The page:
We’re not a family that talks about love much. That doesn’t mean we don’t feel it – not at all – just that declarations of love can seem a bit insincere to our oh-so-British ears. This is particularly so when the word ‘love’ is flung about a lot in a relationship. To us it has impact only when used sparingly; anything else smacks of insecurity to our cynical ears.
So when son 2 was born and turned out to be a little package of enthusiastic and unabashed love it was a bit of a revelation; we were used to our more reserved toddler who really only wanted cuddles when he was sad or ill, and even then accepted them graciously rather than actively engaging with them like son 2 did. It has always been very easy to give love to our second son because he was born with a nature that invited it. It is harder to be sure that son 1 knows he is loved because he has become more and more detached from us as he has grown up.
Son 1 had a more difficult time growing up than son 2. When he was born we lived in a caravan on a traveller’s site with no running water, no electricity, no sanitation and drunk people all around. I was too immature of mind to deal well with my new responsibility and knew little or nothing of the psychology of children. I became post-natally depressed and if it wasn’t for my spouse, things could have been a disaster. He faced responsibility with determination, compassion and even a little joy. He got up and did the night feeds and woke me up for the morning feeds by singing along to cheerful songs on the radio and handing me a cup of tea.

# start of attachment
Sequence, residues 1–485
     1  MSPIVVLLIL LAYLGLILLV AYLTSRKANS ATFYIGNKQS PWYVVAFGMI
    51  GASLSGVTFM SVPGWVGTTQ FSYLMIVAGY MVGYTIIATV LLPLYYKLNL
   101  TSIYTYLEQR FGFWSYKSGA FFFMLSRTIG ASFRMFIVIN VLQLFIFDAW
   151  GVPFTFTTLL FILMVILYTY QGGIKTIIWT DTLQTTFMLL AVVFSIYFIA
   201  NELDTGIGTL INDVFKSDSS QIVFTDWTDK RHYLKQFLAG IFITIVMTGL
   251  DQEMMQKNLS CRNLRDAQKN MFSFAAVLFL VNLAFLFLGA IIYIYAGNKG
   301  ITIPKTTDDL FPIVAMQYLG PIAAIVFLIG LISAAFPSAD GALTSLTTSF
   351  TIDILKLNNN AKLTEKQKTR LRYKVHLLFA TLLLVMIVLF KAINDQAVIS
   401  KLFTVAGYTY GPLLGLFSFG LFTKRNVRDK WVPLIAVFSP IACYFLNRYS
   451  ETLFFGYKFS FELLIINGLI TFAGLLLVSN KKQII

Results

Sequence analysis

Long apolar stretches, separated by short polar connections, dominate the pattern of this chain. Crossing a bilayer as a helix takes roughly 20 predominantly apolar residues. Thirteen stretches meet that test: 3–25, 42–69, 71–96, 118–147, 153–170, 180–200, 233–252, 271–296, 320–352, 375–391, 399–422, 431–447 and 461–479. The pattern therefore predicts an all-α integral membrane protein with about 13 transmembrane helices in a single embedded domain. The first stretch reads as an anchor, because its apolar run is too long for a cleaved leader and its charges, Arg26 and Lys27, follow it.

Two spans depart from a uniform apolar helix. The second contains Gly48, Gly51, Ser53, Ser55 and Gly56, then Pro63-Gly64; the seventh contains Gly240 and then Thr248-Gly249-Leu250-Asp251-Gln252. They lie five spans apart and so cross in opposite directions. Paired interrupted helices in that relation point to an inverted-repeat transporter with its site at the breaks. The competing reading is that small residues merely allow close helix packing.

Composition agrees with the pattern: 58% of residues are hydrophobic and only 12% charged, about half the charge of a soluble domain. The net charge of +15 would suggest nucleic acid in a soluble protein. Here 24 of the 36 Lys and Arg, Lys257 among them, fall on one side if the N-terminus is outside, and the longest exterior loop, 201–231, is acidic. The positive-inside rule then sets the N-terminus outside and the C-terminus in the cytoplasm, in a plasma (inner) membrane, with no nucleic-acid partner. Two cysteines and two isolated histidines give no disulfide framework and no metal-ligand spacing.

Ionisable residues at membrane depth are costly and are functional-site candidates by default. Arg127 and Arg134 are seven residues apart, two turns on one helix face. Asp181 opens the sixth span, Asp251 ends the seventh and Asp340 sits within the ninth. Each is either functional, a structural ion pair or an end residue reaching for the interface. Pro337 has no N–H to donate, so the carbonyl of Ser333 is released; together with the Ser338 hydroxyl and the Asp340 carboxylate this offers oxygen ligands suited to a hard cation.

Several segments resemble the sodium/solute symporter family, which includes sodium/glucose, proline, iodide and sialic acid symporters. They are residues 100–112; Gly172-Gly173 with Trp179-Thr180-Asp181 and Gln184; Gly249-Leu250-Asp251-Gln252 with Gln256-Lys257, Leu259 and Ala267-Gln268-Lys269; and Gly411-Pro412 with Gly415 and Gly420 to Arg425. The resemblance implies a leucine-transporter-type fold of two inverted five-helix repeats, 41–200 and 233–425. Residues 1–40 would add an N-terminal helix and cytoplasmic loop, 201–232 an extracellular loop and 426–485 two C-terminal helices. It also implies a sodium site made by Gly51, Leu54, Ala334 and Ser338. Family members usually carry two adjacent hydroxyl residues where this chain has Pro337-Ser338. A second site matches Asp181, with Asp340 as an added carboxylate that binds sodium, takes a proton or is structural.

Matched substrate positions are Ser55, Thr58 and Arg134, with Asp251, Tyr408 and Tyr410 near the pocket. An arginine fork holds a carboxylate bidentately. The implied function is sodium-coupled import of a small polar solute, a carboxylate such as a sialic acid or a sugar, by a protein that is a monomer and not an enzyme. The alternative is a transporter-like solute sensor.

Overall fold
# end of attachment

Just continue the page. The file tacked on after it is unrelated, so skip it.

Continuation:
We loved son 1 tremendously, but we weren’t the finest of all parents. We were very poor, we didn’t know what we were doing and we were tired and stressed much of the time. It wasn’t the best start for a sensitive young boy, regardless of how much we adored him. We made a lot of mistakes. When we moved into a house and son 1 went to playgroup and then primary school, he was only too aware of our difference from other parents. We were still big-booted, pierced and grubby and we didn’t have fitted kitchens or smart cars. He felt this acutely, but rarely said anything about it; he instead spent his time with other families who were more securely rooted in the ‘conventional’ lifestyle that he preferred.
Our son is now 21 and at university. He is independent, clever, witty and stylish and we are incredibly proud of him. When I think of him, however, I am always a little sad because he remains quite detached. It’s nothing serious or terrible, but he wouldn’t choose to spend time with us; he doesn’t really know what to talk to us about and he resists engaging with our interests and humour. Having son 2 has shown me what a parent/child relationship can be and at the moment I don’t have this with my firstborn. It saddens me to my stomach that he was the one who had to suffer the brunt of my parenting mistakes and that son 2 received all the benefits of what we learned from them.